The new food on the block: Food trucks of the Triad
The culinary scene here in the Triad is burgeoning and blooming, and this is true for brick and mortar establishments as well. But there’s also something about a food truck. It’s still a bit novel in our area and often romanticized by professional and amateur cooks and especially fans of food. But it takes a substantial investment and a strong constitution to open a food truck with weather, sourcing and operational costs as constant stressors. Not to mention, food trucks need a place to be stationary.
Don’t even get us started on inspections and prep areas. All food trucks must have a commissary, and a most excellent one at that, which is a good bit of the battle. The health departments around here are known to be, shall we say, sticklers.
I love food trucks; I love the variety and how the owners think outside the box, pardon the pun. Unfortunately, I don’t get to enjoy food trucks often, and I know it may seem shocking, but I don’t attend food truck festivals or rodeos for the most part due to the large crowds and a long wait (more on that later). Hitting them at lunch or dinner isn’t always possible either because my children complain about not having a place to sit (odd, seeing as how the little one can’t stay seated for lunch or dinner. Go figure). However, food trucks like to be at a place where their customers can take a seat anyway, so you’ll find them at parks or social areas where sitting is possible.
Other drawbacks to a food truck? It’s not like we live in southern California where the weather is perfect 95 percent of the time or the Pacific Northwest where sure, it’s rainy, but it doesn’t get frigid. Food truck owners and operators are at the mercy of the Mother Nature.
Rain? Our recent 95-degree temperatures (it’s 120 degrees inside a food truck)? Frigid temps? That means it’s cold in the truck, which means the food gets cold more quickly. Sometimes these factors result in a lighter turnout.
Food trucks have small menus, aren’t that much more expensive, and the choices are creative and adventurous. Tempura-fried sweet potatoes? Burgers with peanut butter, pepper jelly and bacon? Burritos with ferments, mushrooms and local meat? You’re now more likely finding those items at our restaurants on wheels than anywhere.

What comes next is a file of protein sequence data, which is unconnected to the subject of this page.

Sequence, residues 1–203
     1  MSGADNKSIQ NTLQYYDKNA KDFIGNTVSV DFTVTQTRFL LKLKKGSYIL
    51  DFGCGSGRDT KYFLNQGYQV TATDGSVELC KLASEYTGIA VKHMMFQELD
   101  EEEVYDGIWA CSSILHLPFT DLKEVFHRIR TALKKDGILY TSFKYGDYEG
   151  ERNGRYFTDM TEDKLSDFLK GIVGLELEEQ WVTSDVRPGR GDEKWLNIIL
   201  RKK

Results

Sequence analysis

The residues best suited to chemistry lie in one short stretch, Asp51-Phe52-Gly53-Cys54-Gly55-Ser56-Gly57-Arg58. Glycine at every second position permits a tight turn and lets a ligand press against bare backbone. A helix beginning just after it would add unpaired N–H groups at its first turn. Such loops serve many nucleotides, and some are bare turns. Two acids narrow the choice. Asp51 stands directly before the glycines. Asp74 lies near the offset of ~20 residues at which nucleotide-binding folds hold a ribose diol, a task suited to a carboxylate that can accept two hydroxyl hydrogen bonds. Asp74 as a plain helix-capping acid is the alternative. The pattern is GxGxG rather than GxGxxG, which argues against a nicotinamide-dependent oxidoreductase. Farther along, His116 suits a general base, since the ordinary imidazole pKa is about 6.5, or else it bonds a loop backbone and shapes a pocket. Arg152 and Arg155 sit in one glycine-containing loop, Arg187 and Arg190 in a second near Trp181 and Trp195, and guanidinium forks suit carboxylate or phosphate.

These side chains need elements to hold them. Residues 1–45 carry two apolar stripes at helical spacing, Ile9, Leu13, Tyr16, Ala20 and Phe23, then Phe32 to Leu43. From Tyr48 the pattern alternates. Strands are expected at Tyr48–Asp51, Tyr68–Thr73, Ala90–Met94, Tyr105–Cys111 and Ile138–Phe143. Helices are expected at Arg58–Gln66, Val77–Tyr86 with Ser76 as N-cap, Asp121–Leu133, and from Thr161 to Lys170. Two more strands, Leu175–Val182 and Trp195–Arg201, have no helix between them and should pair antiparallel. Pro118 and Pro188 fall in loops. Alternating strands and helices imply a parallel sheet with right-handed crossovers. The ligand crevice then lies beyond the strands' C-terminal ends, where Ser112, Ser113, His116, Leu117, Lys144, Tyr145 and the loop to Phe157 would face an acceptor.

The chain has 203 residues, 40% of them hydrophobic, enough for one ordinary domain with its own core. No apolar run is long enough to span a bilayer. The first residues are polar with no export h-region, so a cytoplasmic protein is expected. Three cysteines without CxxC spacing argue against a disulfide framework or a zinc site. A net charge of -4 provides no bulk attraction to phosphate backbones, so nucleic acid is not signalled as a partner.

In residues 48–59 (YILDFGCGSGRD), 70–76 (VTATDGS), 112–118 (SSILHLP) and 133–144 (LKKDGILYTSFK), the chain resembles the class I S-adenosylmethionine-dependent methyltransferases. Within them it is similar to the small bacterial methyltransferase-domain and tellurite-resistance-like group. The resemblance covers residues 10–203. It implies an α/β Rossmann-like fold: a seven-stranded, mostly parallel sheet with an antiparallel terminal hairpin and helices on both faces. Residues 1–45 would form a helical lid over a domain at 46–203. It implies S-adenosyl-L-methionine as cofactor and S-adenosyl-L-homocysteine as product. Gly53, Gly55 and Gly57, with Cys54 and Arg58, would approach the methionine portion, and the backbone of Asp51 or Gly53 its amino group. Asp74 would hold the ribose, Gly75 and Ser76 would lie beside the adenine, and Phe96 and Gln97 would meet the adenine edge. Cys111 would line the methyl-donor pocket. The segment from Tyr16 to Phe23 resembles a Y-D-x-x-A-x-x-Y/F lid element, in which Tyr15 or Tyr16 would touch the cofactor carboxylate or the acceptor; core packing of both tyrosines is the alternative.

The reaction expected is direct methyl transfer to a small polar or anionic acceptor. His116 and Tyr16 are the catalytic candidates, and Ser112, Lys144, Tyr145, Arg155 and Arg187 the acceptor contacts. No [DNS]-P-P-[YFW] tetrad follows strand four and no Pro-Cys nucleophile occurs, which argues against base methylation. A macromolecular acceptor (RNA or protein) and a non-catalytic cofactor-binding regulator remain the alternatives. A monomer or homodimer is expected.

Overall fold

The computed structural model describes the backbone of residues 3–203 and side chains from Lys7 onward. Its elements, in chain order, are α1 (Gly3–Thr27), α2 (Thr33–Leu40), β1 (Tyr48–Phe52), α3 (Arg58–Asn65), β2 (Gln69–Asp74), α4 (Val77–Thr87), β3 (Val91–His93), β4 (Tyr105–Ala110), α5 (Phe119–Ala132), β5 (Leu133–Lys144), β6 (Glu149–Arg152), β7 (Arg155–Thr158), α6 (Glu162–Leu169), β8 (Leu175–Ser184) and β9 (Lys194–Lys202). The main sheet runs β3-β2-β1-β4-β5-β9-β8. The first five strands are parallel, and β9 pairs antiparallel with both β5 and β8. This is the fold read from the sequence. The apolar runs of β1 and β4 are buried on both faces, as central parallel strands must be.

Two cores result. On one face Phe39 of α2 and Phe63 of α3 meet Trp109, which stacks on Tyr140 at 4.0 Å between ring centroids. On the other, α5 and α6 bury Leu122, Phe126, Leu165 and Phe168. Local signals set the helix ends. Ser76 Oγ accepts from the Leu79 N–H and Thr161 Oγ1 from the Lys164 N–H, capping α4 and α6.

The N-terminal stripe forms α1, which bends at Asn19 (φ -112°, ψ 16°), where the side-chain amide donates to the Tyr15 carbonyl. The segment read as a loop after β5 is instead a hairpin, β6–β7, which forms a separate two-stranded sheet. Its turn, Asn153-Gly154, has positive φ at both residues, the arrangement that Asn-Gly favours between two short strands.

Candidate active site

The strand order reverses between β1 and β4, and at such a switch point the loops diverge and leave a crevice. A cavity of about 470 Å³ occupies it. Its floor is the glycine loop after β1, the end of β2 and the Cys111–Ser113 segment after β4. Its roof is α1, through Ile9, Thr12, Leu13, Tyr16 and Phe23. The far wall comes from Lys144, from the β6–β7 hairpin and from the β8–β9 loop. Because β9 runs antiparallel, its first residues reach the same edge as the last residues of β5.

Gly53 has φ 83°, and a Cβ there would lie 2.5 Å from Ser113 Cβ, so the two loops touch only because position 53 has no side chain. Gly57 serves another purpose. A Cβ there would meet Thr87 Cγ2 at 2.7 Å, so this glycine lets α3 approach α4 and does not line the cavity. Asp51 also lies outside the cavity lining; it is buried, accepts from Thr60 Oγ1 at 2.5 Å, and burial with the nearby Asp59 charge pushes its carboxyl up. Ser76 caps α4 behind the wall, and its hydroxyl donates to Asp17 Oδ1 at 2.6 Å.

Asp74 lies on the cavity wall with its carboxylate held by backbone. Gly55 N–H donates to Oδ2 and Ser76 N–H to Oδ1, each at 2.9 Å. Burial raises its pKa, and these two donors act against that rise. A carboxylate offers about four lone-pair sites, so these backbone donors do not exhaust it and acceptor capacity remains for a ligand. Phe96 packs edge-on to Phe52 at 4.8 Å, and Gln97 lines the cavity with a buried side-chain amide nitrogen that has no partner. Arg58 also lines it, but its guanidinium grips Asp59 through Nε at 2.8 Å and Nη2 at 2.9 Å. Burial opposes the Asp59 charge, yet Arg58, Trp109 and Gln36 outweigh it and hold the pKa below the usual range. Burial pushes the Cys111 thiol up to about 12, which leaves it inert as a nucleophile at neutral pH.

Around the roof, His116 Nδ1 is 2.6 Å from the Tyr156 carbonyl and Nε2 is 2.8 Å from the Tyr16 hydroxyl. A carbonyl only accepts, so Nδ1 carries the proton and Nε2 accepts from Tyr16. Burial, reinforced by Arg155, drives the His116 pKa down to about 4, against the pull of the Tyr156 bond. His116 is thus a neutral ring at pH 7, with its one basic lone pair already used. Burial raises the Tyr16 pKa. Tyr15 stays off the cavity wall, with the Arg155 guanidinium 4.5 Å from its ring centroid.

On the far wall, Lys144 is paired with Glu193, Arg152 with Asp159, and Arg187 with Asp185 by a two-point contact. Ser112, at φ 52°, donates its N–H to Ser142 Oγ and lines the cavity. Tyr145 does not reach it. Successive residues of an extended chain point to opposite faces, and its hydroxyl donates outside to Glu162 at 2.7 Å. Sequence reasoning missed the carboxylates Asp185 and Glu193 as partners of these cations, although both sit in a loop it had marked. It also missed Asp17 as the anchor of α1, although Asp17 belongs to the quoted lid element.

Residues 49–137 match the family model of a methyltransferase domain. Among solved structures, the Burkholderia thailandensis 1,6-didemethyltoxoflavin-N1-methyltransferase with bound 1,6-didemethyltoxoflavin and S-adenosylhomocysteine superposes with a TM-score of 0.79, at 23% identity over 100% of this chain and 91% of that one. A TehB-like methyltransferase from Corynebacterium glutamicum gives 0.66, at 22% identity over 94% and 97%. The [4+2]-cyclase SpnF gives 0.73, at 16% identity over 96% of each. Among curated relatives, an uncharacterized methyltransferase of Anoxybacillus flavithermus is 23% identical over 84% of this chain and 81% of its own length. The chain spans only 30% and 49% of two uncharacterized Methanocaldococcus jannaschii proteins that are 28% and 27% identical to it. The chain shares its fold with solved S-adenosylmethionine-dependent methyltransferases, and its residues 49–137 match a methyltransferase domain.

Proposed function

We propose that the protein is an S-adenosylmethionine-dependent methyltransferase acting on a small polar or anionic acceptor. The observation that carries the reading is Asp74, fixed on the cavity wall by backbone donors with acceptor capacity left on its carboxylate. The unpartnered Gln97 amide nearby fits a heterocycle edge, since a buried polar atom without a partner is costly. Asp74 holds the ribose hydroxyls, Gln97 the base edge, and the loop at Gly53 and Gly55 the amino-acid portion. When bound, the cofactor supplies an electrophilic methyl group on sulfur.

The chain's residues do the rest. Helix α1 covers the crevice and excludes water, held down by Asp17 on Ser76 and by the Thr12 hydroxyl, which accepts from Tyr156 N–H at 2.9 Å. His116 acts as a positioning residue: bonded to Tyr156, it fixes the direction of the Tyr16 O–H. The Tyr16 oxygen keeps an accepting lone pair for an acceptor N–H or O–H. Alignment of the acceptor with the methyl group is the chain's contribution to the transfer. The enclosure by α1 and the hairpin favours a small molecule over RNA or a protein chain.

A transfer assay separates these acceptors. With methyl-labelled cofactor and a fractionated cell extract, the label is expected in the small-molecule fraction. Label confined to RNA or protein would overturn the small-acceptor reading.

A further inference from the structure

We talked to the locals and found out their favorite new food trucks, owned by chefs and professionals who left their restaurant gig for life on the streets.
The older of our newbies, StrEAT Provision is owned and operated by the talented chef, Jeremy Clayman, most recently of Small Batch Brewing Company, where he dished out some innovative, farm-sourced small plates for beer lovers. Clayman, who’s worked in fine dining for the past 25 years and has collaborated with the renowned Chef and restaurateur, Sean Brock, said while he enjoyed helping others fulfill their dreams, he knew that it was time he focused on his own. “I figured a mobile food business was a good way to start,” Clayman said. “And one day I probably would like to go back to a brick and mortar business.”
The food truck business has its pros and cons; after all, if you’re not on the streets, you’re not making money.
“If I’m here, I can’t watch my kids’ games,” Clayman said. “At the same time, it can still be flexible. The main thing is I really like to be able to be outside or look out the window, rather than being in a dungeon from sun up to sundown.”
StrEAT Provision has been getting rave reviews for its farm-focused small plates and snacks. Burgers, a grilled mac and cheese with grilled onions and the aforementioned tempura sweet potatoes drizzled with honey. Find StrEAT Provision’s schedule on Facebook and is available for private events as well.
Whisk And Tin Food Truck